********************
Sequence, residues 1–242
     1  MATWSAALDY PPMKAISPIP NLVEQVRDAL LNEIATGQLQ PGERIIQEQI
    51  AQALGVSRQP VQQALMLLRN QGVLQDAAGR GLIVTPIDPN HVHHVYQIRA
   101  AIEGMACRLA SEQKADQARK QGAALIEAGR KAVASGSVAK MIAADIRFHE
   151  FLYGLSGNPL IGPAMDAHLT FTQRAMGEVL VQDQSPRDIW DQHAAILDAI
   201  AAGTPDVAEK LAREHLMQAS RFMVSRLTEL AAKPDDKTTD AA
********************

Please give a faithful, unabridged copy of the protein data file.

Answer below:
Sequence, residues 1–242
     1  MATWSAALDY PPMKAISPIP NLVEQVRDAL LNEIATGQLQ PGERIIQEQI
    51  AQALGVSRQP VQQALMLLRN QGVLQDAAGR GLIVTPIDPN HVHHVYQIRA
   101  AIEGMACRLA SEQKADQARK QGAALIEAGR KAVASGSVAK MIAADIRFHE
   151  FLYGLSGNPL IGPAMDAHLT FTQRAMGEVL VQDQSPRDIW DQHAAILDAI
   201  AAGTPDVAEK LAREHLMQAS RFMVSRLTEL AAKPDDKTTD AA